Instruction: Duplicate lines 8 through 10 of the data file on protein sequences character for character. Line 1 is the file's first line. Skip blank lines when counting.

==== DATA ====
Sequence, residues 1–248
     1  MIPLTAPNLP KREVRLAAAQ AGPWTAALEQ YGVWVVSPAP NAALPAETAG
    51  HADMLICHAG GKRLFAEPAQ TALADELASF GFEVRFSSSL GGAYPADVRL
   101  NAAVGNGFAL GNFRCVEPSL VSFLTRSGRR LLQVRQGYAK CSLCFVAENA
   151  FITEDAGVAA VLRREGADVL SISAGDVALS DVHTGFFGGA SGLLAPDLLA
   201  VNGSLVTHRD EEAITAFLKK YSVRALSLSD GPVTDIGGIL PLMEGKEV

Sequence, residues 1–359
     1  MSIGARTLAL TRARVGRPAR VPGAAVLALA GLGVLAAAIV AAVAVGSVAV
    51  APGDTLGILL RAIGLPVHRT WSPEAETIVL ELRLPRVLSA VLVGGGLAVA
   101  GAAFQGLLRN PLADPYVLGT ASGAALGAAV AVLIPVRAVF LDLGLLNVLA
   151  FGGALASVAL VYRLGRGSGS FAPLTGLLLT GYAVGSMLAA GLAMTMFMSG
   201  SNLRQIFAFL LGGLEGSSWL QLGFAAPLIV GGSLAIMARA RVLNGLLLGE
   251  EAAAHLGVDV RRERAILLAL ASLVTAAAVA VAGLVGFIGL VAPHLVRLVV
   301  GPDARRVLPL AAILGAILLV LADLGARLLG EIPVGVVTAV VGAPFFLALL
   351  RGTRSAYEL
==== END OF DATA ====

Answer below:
     1  MSIGARTLAL TRARVGRPAR VPGAAVLALA GLGVLAAAIV AAVAVGSVAV
    51  APGDTLGILL RAIGLPVHRT WSPEAETIVL ELRLPRVLSA VLVGGGLAVA
   101  GAAFQGLLRN PLADPYVLGT ASGAALGAAV AVLIPVRAVF LDLGLLNVLA